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by Thomas De Quincey

ePub Confessions of an English Opium-Eater download
Thomas De Quincey
Book Jungle (December 6, 2007)
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The Project Gutenberg eBook, Confessions of an English Opium-Eater, by Thomas De Quincey.

The Project Gutenberg eBook, Confessions of an English Opium-Eater, by Thomas De Quincey. This eBook is for the use of anyone anywhere at no cost and with almost no restrictions whatsoever. You may copy it, give it away or re-use it under the terms of the Project Gutenberg License included with this eBook or online at ww. utenberg. Title: Confessions of an English Opium-Eater. Author: Thomas De Quincey. Release Date: April 20, 2005 3. As creating some previous interest of a personal sort in the confessing subject, apart from the matter of the confessions, which cannot fail to render the confessions themselves more interesting.

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Download M4B (149MB). Download cover art Download CD case insert. Confessions of an English Opium-Eater. Thomas de QUINCEY (1785 - 1859). What makes the book technically remarkable is its use of a majestic neoclassical style applied to a very romantic species of confessional writing - self-reflexive but always reaching out to the Reader. Summary by Martin Geeson). Genre(s): Biography & Autobiography.

Thomas De Quincey was born on 15 August 1789 in Manchester, the son of an affluent cloth merchant. Confessions of a English Opium-Eater was published in the London Magazine in 1821 and found instant success

Thomas De Quincey was born on 15 August 1789 in Manchester, the son of an affluent cloth merchant. He ran away from the Manchester Grammar school aged 17 and travelled in poverty in Wales and London before being reconciled with his family. He then attended Oxford University, where he first began to take opium. Confessions of a English Opium-Eater was published in the London Magazine in 1821 and found instant success. He went on to write several novels and biographies, and his unusual autobiographical style made his work extremely popular on both sides of the Atlantic.

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Thomas De Quincey (1785-1859) studied at Oxford, failing to take his degree but discovering opium. He later met Coleridge, Southey and the Wordsworths. From 1828 until his death he lived in Edinburgh and made his living from journalism.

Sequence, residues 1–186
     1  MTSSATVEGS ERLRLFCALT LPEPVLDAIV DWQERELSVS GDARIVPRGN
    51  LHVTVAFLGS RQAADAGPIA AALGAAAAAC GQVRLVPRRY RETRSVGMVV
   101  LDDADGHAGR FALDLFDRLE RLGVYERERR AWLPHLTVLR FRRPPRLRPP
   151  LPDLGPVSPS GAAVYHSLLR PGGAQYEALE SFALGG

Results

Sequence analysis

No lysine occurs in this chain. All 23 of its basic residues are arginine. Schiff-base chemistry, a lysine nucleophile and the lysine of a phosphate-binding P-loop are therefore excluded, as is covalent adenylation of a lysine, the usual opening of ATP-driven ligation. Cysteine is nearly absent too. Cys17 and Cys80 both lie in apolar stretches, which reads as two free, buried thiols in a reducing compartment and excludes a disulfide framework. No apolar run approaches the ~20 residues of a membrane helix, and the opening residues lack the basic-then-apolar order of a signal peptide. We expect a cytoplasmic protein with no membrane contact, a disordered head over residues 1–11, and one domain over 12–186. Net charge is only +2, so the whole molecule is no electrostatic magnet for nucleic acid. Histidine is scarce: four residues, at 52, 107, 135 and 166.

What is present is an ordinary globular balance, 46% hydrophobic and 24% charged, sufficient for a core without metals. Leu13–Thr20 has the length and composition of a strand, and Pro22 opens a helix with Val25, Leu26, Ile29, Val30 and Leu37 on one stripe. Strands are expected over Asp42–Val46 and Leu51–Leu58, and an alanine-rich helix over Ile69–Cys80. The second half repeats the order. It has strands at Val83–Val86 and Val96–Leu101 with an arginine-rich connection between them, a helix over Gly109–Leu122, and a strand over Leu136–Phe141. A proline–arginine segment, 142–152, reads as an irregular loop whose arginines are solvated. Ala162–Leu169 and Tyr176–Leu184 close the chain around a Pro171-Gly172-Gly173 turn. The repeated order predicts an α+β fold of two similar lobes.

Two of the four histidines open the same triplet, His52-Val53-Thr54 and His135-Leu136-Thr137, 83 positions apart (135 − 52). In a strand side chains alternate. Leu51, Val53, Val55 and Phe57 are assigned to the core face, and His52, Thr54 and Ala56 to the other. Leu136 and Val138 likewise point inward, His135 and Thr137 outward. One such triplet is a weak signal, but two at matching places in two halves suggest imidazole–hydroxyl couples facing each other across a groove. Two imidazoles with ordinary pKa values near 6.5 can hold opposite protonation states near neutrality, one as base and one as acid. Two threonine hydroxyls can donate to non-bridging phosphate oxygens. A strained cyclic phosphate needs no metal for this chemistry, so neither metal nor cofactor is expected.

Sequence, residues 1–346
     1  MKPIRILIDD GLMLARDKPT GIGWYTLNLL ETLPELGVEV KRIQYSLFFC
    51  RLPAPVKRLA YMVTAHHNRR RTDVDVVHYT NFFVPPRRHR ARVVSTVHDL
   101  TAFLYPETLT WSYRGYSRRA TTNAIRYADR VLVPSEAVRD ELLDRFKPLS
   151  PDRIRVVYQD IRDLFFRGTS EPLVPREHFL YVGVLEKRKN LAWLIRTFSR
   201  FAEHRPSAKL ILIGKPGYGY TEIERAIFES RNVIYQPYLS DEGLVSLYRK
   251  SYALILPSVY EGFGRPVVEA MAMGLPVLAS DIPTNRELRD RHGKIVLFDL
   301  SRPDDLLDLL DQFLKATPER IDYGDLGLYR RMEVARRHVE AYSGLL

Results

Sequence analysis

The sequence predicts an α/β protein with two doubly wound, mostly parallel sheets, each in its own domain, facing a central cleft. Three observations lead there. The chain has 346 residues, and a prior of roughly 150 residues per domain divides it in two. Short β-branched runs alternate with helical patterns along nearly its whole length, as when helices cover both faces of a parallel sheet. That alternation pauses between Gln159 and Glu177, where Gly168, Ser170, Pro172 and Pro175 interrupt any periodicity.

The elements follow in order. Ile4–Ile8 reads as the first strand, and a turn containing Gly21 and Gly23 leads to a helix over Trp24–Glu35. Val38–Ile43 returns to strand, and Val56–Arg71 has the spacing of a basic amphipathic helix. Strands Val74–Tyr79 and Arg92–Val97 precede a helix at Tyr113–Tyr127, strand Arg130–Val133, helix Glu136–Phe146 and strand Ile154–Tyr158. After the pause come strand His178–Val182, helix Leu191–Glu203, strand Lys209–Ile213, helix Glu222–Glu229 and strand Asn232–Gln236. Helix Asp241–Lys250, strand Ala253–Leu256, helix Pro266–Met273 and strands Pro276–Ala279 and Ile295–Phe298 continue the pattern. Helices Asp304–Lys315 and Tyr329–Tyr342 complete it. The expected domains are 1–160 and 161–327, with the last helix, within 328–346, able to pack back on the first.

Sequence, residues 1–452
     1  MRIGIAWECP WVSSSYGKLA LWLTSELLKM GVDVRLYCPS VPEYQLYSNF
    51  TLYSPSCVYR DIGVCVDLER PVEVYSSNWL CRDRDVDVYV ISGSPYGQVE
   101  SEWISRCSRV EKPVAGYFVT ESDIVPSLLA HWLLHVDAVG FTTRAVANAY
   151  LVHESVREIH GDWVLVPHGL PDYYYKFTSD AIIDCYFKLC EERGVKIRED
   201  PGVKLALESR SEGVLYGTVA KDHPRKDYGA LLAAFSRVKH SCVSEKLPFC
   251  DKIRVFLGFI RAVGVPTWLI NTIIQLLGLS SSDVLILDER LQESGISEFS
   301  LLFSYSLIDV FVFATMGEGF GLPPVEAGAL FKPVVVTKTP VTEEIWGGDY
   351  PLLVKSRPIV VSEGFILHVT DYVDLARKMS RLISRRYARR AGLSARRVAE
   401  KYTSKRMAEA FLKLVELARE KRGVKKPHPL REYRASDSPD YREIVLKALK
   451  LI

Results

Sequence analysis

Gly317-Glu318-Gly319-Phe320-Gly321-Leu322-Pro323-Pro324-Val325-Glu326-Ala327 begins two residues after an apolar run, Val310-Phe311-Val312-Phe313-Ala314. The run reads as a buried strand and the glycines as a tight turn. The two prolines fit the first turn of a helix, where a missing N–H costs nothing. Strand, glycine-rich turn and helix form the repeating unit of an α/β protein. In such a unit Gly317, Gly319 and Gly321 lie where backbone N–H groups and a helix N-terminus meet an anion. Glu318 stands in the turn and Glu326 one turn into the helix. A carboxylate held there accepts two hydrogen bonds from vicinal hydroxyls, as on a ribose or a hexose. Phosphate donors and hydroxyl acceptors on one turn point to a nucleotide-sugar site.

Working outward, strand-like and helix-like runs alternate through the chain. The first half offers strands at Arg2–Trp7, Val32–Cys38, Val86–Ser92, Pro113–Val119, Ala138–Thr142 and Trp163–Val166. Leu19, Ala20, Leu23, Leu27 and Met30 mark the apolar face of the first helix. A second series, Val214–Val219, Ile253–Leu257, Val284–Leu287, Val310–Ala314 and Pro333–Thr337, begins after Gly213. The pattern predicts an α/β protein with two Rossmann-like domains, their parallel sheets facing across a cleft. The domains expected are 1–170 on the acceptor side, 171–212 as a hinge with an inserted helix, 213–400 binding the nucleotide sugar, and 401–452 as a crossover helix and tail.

9299Confessions of an English Opium-Eater: Being an Extract From the Life of a ScholarThomas de Quincey1821. Part I. To the Reader. Preliminary Confessions. Part II. Part II Introduction. The Pleasures of Opium.

Thomas de Quincey's Confessions of an English Opium Eater gives an insightful glimpse into the pleasures and pains of opium usage. In this brief yet intriguing work, he catalogues his encounters with the drug and its ensuing psychological effects. His complex syntax is immediately noticed, and although it often becomes unnecessarily lengthy and scattered (perhaps a product of both his time and excessive drug use), his flowery prose is truly among the most beautiful that I have ever read.

  • Interesting work, in a beautiful prose style. Obviously, this is not for the general public (at least today, although presumably more so when it was first published). It is a slim volume, in this, its original published version, and, as others have pointed out, is not mainly a "confession" regarding substance abuse. The author gives a fair amount of background information on his life, which I found entertaining and informative and thought really served the author's purpose of allowing you to get to know him and put his opium dependence in context. If you have more than a passing interest in the Romantic era and/or bohemian lifestyles, like I do, you might rate this 4.5 stars (which is my precise rating) or even 5. Just note that reading the author's prose takes concentration, especially for the modern reader. It's nothing as difficult as Sir Thomas Browne or Robert Burton, but it's far from something you'd read from Oprah's Book Club.